We’ll discuss the term throw angle in table tennis.
The term throw angle is usually based on the arc with which the ball leaves the blade after the impact. Given the same stroke, the rubber with the higher arc would be labelled as high throw.
The problem with the above definition is that a single rubber doesn’t have a single throw angle, but many different ones. Based on the incoming ball(spin and speed) and your stroke (blade angle, stroke direction) you get a unique throw angle for every ball. As we can see (or later see since the explanations follow below), we can only compare different rubbers throw angles on certain stroke types.
However, people aren’t stupid and we’ll see later on why this infamous term enjoys such a high popularity, how and why the usual rubber reviewer labels a rubber as high or low throw and how you can still benefit from these (false or inexact) reviews to make a good decision.
2. How a rubber works
In the picture below we see a ball penetrating a sponge. At this point I’d like to remind every reader that you owe me a new kitchen cleaning sponge, a Battle I topsheet and some TT glue.
Sadly my kitchen sponge isn’t that elastic, so some effects can’t be seen properly. However, at the 3 minute mark in the following video there’s a nice model of the ball rubber impact.
Let’s go back to our model (click to open bigger version in a new tab).
We saw the the throw is the result of different forces and their relation to each other, in particular the relation between the upward and forward forces.
Below we see a high throw (blue) and a low throw(red) and the explanation which forces result from which phenomenons (compare with our model above).
We can also see, that certain manipulations of the spin/speed ratio are possible. By using less forward speed we need less upward force to get a similar high throw angle.
3. What makes a rubber high or low throw on a certain stroke with a certain incoming ball spin and speed?
As seen above, different things influence the forward and upward forces. The aspects a rubber can influence are:
- topsheet tacky or nontacky
- the sponge hardness
- the sponge thickness
- the pimple structure(type, width, distance to each other)
In the next section we’ll do a little case study on these options.
3.1 Case study: Tenergy rubbers T64,T05 and T25
We previously saw how the sponge and the stroke type lead to different types of outgoing ball trajectories. So far we didn’t consider the different pimple types, although they play a major role for describing the rubbers throw.
Sadly I wasn’t able to get a complete list of all ITTF licensed rubbers and their pimple measurements as listed and enforced on the ITTF sheet for rubber approvals.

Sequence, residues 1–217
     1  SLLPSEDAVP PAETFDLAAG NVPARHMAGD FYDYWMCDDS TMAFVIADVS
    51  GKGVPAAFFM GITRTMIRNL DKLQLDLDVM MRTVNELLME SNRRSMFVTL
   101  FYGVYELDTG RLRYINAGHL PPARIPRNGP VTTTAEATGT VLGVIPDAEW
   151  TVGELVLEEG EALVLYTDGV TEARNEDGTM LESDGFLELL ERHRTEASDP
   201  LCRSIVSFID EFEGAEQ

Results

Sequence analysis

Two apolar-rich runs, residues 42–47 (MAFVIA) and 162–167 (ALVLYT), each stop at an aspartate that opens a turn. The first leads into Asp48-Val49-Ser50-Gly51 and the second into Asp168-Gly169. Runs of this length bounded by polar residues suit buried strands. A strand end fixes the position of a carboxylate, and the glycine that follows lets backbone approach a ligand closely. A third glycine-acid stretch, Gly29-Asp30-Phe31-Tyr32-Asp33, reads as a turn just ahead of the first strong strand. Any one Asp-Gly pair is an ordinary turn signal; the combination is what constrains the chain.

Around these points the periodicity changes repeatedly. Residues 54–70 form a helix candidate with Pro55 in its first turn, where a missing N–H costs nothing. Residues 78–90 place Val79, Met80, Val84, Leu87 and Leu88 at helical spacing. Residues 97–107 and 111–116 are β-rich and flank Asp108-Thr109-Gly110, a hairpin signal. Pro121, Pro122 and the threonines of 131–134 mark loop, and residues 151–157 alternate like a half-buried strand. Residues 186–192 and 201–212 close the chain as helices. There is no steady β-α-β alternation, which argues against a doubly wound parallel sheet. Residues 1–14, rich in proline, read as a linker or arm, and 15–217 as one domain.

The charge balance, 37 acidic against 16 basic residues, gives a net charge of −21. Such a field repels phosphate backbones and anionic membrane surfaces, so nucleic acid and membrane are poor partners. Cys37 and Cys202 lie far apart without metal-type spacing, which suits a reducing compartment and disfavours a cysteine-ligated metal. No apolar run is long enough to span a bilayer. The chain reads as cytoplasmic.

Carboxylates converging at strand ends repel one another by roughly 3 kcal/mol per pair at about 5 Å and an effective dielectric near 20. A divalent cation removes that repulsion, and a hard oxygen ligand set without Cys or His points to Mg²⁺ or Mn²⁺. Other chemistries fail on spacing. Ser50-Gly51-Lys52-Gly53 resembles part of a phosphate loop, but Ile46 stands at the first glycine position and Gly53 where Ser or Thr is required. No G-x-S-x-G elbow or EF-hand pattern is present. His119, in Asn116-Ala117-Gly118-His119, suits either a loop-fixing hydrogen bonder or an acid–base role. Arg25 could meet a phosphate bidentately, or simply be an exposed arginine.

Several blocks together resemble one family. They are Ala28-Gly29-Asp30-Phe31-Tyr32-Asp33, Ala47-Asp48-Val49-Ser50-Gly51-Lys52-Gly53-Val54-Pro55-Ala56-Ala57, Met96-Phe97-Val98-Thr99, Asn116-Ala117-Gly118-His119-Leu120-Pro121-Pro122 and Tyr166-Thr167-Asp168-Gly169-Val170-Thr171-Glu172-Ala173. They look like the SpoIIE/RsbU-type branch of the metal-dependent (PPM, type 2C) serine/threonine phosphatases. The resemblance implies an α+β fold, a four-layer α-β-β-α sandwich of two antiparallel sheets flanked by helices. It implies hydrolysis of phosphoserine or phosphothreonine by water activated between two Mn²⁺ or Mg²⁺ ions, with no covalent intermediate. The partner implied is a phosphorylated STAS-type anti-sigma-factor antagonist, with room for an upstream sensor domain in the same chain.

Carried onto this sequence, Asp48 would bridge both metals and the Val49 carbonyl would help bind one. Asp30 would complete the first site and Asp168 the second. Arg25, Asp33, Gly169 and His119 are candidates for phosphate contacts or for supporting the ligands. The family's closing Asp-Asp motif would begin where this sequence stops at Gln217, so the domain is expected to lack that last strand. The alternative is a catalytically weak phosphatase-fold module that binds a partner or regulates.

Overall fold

I even send an E-Mail to Mr. Darren Leong (ITTF equipment coordinator) but he just kindly told me that its a trade secret. That’s a bit strange considering that every firm can measure a competitors rubber easily to a very high accuracy. So my guess is that it’s just another method of keeping the usual ‘stupid’ costumer stupid and robbing him of the ability to discover a similar and possibly cheaper rubber.
Gladly, one of the most used and well known companies published some of their pimple measurements and you might have already guessed it, it’s Butterfly.
We start with the comparison between T05 and T64. According to Butterfly, they have the same pimple type and width, but the pimples are further apart and taller at the Tenergy 64.
Imagine we apply a certain force onto the rubber. This force gets distributed among all pimples below the topsheet which are influenced by the ball. Let’s say the force is distributed among 10 pimples on the T05.
The same force is then distributed among fewer pimples on the T64, because they are further apart, which means that each individual pimple has to withstand more force on the T64. This makes it easier to let them dive into the sponge compared to the T05
, especially since the T05 has a harder sponge. It’s thus easier to compress the sponge on the T64 and hence also easier to let the rubber ‘eat’ the ball and get more upward energy out of it.
Now the big question is: If it’s easier to get an upward force out of the T64, why it’s shown in the video at the beginning to have a lower throw?
The answer lies in the different incoming and applied forces and how the rubber can handle them (you might remember the trampoline example from the chemistry article).
For low forces the T64 is sufficient and creates a high arc or throw. But as soon as more force is applied the longer pimples of the T64 can’t withstand the force applied to them and do not bend but rather get smashed without to much resistance. The topsheet failed. Now we lose much of the upward force and can only rely on the ball eating force(yellow in one of our above examples). At the same time, the
softer sponge of the T64 is strongly compressed (or even bottomed out) and then applies a great forward force to the ball. Thus the ball goes long instead of high.
The Tenergy 05 on the other hand can handle this high forces, because the pimples are closer together and hence less force is applied to each pimple. Furthermore, the pimples aren’t as tall as the T64 ones and are less susceptible to getting smashed without properly realigning.
Last but not least, the hard sponge can handle the incoming force better and provides sufficient upward lift while limiting the forward force.